What is Clean Architecture?
Organizing software to manage complexity and simplify the addition of new features has been a challenge that many have attempted to solve. There are several models that have been proposed such as Hexagonal Architecture (Ports & Adapters), Screaming Architecture, Onion Architecture and more. This post is focussed on Onion Architecture. Onion Architecture has several layers. The inner most layer is the Application Core. It contains the business logic of the application. The Application Core does not depend on anything else. The outer layers are responsible for persistence, presentation, exposing services etc.. Each of these layers depend on the Application Core as needed. A dotnet starter template has been created to demonstrate the implementation of this architecture.
What the template does?
Inline with the Onion Architecture that was described earlier, the template creates a visual studio project structure. The projects themselves are classified under INFRASTRUCTURE and PERSISTENCE refer to CORE. As noted earlier projects in CORE does not depend on anything else. More detail is in the table below.
|PRESENTATION/API||dotnet core, asp.net core webapi||API frontend for the application||CORE/APPLICATION, INFRASTRUCTURE /PERSISTENCE|
|CORE/DOMAIN||dotnet standard, class library||Holds Entities, Value Objects, Interfaces etc…|
|CORE/APPLICATION||dotnet standard, class library||Holds business logic, the meat of the application. Functionality is typically divided into commands, queries and the events||CORE/DOMAIN|
|INFRASTRUCTURE/PERSISTENCE||dotnet standard, class library||Code that interacts with databases. Entity Framework for now.||CORE/DOMAIN|
|INFRASTRUCTURE/DEPLOYMENT||dotnet standard, class library||ARM templates to deploy to Azure.|
|TESTS/*||dotnet core, class library||XUNIT Tests projects that reference the above appropriately.|
Additional libraries are used in the application serving the following purposes.
|MediatR||Implements the Mediator pattern. Helps with communication between the Controller that receives the request to the Validator, through to the handlers.|
|Scrutor||Automatic Dependency Injection settings.|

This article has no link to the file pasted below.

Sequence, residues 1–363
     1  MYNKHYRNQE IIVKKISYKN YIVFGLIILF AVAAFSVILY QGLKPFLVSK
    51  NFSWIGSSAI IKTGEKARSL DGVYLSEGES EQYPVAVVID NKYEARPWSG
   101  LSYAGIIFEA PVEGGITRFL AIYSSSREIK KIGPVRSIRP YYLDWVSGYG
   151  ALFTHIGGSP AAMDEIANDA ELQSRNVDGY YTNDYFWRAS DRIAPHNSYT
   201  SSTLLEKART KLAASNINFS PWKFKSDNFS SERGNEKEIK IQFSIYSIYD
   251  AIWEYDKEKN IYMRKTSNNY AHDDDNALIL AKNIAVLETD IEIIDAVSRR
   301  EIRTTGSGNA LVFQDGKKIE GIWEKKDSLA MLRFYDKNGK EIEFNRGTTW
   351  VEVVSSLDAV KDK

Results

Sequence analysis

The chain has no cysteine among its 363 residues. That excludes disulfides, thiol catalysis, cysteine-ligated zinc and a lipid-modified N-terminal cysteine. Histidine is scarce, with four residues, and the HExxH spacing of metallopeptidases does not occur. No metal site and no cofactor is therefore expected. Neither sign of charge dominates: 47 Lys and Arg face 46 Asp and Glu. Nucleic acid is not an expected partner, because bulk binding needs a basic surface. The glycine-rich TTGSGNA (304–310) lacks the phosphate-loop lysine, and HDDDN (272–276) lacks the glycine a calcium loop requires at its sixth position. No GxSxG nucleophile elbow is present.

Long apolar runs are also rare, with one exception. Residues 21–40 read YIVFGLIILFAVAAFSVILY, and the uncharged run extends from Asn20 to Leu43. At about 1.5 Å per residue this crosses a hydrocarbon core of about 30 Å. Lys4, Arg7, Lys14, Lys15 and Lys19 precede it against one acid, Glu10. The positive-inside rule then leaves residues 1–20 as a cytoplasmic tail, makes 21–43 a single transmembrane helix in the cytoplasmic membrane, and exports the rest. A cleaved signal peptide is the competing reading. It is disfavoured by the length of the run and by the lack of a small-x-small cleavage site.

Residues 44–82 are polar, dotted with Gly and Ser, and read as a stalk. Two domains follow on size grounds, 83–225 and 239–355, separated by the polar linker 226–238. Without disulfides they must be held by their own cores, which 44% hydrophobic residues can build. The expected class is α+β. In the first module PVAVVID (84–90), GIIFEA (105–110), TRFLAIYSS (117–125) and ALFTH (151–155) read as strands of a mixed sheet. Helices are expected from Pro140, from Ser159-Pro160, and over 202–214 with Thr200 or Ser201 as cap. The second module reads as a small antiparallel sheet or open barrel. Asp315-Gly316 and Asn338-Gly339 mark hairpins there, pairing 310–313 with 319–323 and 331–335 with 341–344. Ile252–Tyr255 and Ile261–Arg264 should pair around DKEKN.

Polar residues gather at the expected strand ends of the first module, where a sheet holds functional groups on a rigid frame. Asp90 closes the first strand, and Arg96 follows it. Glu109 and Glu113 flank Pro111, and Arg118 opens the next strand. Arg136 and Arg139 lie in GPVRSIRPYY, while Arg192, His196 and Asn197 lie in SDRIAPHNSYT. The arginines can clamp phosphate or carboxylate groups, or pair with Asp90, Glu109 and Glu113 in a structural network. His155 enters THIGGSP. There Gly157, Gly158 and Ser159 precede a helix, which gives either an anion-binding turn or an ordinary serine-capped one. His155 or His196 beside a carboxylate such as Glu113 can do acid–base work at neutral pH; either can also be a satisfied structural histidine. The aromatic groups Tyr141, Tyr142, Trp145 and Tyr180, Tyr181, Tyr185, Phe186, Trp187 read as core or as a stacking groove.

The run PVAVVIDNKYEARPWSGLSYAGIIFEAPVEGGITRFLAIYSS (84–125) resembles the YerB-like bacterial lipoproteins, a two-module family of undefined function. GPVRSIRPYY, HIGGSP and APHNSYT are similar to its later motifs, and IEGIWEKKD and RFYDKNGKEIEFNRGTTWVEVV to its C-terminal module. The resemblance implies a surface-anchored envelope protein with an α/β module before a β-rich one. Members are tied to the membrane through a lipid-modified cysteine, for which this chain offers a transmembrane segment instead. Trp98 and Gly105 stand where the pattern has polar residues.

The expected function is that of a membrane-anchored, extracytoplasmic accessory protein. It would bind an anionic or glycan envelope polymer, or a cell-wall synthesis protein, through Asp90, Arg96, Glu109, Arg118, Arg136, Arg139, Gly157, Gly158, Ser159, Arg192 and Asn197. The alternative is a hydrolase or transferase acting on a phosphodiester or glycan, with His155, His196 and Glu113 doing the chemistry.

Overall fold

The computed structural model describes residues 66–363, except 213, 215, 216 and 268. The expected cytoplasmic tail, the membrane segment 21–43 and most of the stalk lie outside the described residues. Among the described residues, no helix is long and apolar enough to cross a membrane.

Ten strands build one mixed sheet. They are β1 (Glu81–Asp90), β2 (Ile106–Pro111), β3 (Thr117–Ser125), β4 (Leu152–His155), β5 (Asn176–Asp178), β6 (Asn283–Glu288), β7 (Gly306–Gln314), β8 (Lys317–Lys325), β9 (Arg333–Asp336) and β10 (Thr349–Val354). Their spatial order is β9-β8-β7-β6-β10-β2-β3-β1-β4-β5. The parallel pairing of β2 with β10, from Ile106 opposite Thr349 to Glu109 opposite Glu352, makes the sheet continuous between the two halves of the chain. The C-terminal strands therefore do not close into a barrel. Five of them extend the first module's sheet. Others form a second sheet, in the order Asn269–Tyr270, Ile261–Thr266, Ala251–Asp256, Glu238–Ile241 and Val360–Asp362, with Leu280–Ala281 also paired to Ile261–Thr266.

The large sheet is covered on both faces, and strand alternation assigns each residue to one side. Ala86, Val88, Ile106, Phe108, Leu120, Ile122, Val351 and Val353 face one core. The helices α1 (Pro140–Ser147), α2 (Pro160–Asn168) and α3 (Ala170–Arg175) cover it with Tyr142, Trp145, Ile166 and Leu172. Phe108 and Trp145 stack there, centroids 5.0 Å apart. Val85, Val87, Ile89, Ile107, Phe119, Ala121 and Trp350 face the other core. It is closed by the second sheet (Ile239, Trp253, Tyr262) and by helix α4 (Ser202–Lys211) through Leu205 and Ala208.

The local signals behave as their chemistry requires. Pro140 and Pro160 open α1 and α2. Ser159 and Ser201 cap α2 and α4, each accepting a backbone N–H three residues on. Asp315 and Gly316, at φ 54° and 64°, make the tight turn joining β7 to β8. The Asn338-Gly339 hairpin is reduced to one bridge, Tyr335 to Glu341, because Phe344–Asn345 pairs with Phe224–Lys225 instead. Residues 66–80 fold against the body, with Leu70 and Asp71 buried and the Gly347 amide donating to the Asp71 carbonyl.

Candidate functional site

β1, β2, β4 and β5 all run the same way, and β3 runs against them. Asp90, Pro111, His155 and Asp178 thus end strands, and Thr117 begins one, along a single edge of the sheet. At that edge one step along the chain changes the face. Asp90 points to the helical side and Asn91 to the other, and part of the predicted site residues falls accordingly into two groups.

|Hangfire||Background jobs runner.|
|FluentValidation||Easy validation of the requests. Can be run as part of the asp.net pipeline.|
|AutoMapper||Automatically map one object to another between boundaries.|
|Autofixture||Create data for test cases automatically.|
|Moq||Helps mock objects to implement unit tests appropriately.|
How to install it?
To install the template clone it from github here. To install it do the below.
- Remove git bindings
rm -rf .git
- Install the template
dotnet new —install path/to/folder/containing/.template.config
This will install the template. To verify try dotnet new -h. RedOnion should now be a new type of project that you can create.
How to use it?
To use the template create a new project from the command line.
dotnet new redonion -n SampleApp
This will create a solution with the structured described earlier. Since the solution is created out of a template the solution names, project names and the namespaces are named with SampleApp. You should be able to now build and run the solution.
Beyond this, most of the code shall go into the Application project. Assuming that some amount of event storming has already been done, you are now ready to organize your code around features. Features contain the commands, queries and events along with their respective handlers that implement that feature. As a soft convention each feature maps to a controller in the API project. Each command / query maps to a API method in the controller.
As an example if my application is responsible for scheduling jobs to run at some time in the future. Then my Application Project has the following sample structure.